"We'd been talking about how our next album was going to be a Pointer Sisters-style dance-soul record—that's been the fantasy," says Stark of their surprising foray into vintage R&B. She may be stretching the truth about the Pointers Sisters concept, but don't put it past them. "When I was in high school, I was obsessed with 'Can You Get to That?' It has such a beautiful message of being in the present moment and not holding back." It was Mandell's idea to cover Sly's gospel-infused rearrangement of "Que Sera, Sera."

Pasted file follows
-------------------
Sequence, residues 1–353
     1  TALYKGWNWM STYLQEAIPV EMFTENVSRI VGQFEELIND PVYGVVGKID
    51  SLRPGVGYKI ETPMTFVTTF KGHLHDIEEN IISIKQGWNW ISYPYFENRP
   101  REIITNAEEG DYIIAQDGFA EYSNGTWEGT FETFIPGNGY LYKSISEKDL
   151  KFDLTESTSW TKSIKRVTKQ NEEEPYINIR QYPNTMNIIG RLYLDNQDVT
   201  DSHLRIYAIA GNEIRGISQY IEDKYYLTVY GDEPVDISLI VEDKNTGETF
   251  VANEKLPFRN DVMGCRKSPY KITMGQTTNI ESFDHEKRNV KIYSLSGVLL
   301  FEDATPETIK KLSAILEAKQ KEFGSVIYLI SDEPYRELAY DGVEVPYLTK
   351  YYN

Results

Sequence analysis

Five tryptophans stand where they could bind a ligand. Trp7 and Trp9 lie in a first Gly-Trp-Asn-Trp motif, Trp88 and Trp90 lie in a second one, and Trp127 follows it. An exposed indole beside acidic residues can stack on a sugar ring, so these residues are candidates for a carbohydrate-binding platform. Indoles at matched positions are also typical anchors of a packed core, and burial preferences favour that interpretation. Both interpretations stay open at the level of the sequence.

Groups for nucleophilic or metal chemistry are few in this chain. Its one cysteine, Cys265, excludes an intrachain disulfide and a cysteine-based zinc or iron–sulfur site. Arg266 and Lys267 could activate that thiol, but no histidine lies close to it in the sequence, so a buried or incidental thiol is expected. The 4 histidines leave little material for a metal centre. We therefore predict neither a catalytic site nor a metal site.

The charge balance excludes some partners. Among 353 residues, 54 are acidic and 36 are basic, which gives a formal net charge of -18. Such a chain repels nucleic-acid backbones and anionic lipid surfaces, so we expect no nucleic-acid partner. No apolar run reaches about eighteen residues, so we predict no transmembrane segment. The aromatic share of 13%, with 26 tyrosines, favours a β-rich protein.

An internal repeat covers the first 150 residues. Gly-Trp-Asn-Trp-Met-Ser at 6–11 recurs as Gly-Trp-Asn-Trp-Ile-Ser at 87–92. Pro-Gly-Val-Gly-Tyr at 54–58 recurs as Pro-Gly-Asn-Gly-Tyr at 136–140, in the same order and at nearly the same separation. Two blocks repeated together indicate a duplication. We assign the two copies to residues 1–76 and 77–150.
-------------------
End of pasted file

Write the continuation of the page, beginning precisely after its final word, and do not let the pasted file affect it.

The Living Sisters worked up the six songs for various live events, most significantly a Patsy Cline tribute at Disney Hall in May 2011, which the group hosted. They premiered "Can You Get to That" at a wedding reception, and they broke out "Jolene" during a Dolly Parton tribute, part of an annual series of fundraisers hosted by Inara at Will Geer's Theatricum Botanicum in Topanga Canyon in the Los Angeles area. "We'd put so much work into the Patsy Cline tribute that it seemed like an opportune time to record them," says Mandell. "Greg Leisz and Don Heffington were also part of the tribute concert, and all of the musicians are so good that we knocked it out pretty quickly. The toughest part was just scheduling all of us. We're all very busy."